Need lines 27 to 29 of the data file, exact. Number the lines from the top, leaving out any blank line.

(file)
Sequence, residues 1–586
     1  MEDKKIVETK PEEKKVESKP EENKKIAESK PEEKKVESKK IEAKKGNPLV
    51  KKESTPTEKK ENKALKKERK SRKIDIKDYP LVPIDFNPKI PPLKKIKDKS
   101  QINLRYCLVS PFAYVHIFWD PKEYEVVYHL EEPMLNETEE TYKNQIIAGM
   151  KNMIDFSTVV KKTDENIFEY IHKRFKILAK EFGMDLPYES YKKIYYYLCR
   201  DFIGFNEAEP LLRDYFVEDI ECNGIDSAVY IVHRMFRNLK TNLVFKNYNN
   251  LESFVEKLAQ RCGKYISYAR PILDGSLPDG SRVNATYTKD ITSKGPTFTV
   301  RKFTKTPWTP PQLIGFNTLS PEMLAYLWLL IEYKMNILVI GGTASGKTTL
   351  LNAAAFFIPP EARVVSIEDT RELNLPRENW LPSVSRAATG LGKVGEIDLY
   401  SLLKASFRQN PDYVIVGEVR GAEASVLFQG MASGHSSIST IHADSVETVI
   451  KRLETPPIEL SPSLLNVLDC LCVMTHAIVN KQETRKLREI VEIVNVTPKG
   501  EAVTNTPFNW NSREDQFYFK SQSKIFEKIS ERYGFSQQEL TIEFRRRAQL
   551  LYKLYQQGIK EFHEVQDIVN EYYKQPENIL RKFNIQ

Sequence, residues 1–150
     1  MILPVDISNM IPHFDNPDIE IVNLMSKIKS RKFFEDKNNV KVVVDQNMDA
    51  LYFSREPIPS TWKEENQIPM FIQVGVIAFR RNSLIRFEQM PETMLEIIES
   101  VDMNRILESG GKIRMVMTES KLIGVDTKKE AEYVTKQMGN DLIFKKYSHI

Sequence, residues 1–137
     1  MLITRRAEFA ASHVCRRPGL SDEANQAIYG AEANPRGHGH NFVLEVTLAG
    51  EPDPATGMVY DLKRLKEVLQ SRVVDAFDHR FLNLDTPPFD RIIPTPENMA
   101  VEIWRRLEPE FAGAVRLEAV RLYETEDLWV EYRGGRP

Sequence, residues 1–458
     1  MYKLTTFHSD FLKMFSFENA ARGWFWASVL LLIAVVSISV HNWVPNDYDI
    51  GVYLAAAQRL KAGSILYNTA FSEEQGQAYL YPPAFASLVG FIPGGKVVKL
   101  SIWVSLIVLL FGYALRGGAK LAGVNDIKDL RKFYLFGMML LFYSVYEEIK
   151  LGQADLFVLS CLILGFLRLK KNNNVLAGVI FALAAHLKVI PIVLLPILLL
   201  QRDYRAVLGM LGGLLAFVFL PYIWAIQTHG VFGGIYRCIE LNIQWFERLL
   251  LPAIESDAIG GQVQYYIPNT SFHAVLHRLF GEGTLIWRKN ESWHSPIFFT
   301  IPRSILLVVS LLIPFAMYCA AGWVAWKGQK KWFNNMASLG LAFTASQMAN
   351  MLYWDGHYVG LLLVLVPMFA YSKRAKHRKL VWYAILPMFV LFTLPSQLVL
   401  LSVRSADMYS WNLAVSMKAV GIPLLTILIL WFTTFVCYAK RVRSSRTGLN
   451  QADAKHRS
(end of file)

   201  QRDYRAVLGM LGGLLAFVFL PYIWAIQTHG VFGGIYRCIE LNIQWFERLL
   251  LPAIESDAIG GQVQYYIPNT SFHAVLHRLF GEGTLIWRKN ESWHSPIFFT
   301  IPRSILLVVS LLIPFAMYCA AGWVAWKGQK KWFNNMASLG LAFTASQMAN